How Emdr Works: Eye Movement Desensitization and Reprocessing Therapy
Eye Movement Desensitization And Reprocessing
History of the therapy
Francine Shapiro, from California, designed Eye Movement Desensitization and Reprocessing Therapy (EMDR) in the 1980s. Professionals in the field of psychiatry and their patients were attracted by the guarantee of a single-session treatment for stress, substance abuse and phobias. Hence, several professionals are currently performing this treatment and saying good things about it.
However, there were a lot of critics too. It was said to be a fake treatment but Philadelphia psychologist, Arlene Goldman, proved them wrong and stood by the therapy. According to her, EMDR is best to use for immediate and discreet types of trauma like accident and rape.
How the therapy works in practice
The therapist instructs the client to hold memories of anxiety-provoking-stimuli. Then, the client is asked to follow the therapist’s finger movements or a moving object with their eyes. This part is similar to movies wherein it shows a person looking at a watch in hypnosis, moving side to side so that the eyes move back and forth. Dizzying the eyes is important to find out the effectiveness of later eye movements to activities such as distraction, relaxation, and synchronization of brain’s two hemispheres. Afterwards, the client is asked to report what thoughts, feelings, sensations, image or memory came up. This is repeated until desensitization is successful.
What the therapy wants to accomplish
“Process the client’s distressing memories, reduce its influence and help the client develop more adaptive coping mechanisms.”
The Role Of The Therapist
The role of the therapist is as a “guide” that leads to the client’s adaptive coping mechanisms.
EMDR AND PTSD. Eye Movement Desensitization And Reprocessing
Process Used In Therapy
In the first phase, the client is asked about his history and the therapist makes a treatment plan based on the target problems to be diminished.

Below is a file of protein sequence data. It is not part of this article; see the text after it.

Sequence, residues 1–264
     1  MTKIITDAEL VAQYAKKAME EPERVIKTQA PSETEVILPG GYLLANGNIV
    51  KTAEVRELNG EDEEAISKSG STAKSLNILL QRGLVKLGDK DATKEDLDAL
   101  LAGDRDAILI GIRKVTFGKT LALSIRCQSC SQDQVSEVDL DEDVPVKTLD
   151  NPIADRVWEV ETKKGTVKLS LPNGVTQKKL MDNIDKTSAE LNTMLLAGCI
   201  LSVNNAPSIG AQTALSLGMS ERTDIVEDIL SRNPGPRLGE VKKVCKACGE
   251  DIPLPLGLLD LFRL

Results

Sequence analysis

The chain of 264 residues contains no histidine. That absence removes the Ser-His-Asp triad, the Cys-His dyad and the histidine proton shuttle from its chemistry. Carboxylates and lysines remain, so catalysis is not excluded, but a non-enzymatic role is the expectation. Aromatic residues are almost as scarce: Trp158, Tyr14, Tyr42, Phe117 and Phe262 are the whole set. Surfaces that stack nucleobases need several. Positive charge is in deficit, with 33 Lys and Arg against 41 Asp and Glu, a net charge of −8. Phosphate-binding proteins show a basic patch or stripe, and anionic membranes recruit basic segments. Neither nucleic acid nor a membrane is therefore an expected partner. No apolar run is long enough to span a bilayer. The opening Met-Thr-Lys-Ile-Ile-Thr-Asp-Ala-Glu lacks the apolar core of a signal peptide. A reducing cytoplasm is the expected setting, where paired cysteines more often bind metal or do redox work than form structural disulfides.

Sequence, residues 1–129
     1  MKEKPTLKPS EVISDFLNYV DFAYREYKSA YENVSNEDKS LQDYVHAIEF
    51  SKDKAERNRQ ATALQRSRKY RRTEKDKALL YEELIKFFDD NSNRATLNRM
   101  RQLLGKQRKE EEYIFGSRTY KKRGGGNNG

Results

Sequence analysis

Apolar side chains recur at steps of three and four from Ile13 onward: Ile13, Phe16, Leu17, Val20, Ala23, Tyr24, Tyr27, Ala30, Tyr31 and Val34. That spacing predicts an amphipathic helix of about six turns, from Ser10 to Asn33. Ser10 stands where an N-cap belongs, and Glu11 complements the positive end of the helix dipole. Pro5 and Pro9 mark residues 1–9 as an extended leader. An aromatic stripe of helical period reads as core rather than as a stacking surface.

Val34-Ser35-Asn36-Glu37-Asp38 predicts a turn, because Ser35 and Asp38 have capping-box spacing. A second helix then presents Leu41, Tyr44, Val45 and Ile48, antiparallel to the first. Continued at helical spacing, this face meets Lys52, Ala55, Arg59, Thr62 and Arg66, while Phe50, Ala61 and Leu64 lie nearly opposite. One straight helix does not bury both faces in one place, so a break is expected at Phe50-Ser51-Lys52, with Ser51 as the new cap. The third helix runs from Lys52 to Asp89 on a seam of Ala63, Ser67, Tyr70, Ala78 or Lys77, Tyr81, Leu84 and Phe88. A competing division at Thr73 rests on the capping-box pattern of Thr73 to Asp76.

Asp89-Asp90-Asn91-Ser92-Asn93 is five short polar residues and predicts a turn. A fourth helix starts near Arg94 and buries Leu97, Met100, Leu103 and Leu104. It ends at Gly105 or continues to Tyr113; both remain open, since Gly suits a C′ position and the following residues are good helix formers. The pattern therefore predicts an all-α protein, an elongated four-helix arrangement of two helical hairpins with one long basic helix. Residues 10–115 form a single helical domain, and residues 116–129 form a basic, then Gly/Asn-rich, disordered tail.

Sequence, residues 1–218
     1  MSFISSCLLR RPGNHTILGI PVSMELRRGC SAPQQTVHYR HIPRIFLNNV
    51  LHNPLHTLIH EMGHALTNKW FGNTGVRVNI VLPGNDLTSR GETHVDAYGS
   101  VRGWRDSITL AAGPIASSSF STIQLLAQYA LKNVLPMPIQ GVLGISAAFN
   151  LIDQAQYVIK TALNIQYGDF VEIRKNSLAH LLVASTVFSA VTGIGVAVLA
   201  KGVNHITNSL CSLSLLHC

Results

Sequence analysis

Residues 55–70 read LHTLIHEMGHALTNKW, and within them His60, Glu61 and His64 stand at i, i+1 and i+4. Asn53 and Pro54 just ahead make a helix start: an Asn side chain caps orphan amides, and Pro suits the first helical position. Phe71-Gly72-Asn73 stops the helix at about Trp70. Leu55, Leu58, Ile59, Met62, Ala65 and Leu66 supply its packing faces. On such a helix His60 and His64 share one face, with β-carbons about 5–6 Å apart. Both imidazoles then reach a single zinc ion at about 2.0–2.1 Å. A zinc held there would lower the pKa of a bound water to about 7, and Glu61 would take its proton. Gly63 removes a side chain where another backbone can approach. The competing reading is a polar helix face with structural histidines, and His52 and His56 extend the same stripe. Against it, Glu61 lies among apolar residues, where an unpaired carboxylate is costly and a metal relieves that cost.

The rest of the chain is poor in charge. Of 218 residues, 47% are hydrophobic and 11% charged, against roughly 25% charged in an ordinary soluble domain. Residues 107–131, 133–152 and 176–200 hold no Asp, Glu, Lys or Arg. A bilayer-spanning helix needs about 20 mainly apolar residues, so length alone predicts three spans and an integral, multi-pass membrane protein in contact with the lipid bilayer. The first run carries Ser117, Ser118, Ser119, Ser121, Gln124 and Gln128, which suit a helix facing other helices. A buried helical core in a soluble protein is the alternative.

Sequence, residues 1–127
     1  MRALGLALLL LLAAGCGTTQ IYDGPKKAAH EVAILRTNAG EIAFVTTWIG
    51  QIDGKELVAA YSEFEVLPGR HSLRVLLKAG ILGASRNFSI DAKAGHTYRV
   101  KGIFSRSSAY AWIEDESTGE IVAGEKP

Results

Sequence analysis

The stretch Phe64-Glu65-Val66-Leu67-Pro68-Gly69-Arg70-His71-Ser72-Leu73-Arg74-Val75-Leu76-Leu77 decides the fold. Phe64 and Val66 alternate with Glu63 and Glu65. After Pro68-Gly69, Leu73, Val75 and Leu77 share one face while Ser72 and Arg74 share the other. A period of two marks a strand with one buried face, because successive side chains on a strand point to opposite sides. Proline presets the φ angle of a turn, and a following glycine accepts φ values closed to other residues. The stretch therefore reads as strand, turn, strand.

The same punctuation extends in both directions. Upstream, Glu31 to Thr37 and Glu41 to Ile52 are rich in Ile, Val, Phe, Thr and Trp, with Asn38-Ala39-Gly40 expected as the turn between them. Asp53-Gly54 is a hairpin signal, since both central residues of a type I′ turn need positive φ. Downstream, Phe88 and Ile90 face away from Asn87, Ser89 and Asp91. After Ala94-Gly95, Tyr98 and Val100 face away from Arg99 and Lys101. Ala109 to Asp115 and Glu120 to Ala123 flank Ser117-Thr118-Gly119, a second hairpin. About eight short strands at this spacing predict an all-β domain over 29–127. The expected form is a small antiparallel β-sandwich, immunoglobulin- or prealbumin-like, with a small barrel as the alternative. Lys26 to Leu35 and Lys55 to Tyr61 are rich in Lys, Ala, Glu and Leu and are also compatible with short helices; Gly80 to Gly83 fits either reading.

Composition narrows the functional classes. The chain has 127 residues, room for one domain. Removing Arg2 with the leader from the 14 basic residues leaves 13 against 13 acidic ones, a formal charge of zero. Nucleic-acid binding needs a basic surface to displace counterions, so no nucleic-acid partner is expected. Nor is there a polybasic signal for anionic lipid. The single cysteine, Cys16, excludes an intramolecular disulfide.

It is important for the therapist to establish good relationship with the client and a safe place for the client. This will enable disclosure and avoid threats upon upsetting sessions.
An image of the target is identified by identifying a negative cognition and a positive cognition that is preferable to the negative cognition.
With the client focusing on the image, negative cognition and disturbing emotion or body sensation, the client is asked to follow the therapist’s finger or any moving object. Then, the client will be asked what came up including thoughts, feelings, physical sensation, image or memory.
This is the installation phase. It is possible that after phase IV, there is a change in positive cognition. New positive cognition can be introduced if the first positive is not valid anymore. Then, another eye movement will be done.
This is the body scan wherein the therapist checks if the client feels any pain, stress or discomfort.
This phase is debriefing of what has transpired.
Re-evaluation will be done when the next session begins.
For which disorder it is best used
Eye movement desensitization and reprocessing is usually used for problems caused by distressing life experiences. It is best for post-traumatic stress disorder, depression, phobias, sexual dysfunction, schizophrenia, panic disorder and eating disorder.
EMDR is a proven effective treatment method to handle bad experiences.
EMDR was developed in 1989 by Francine Shapiro to process traumatic events. Meanwhile, there is increasing scientific support that EMDR can also be used well with other problems and symptoms, such as anxiety disorders, the effects of multiple trauma and chronic pain. Even if someone suffers from low self-esteem, EMDR can be used as part of a treatment.
It is safe to say that 25 years after it was developed EMDR has become a helpful tool to deal with a wide range of problems.
- The Eight Phases of EMDR
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© 2012 Raymond Philippe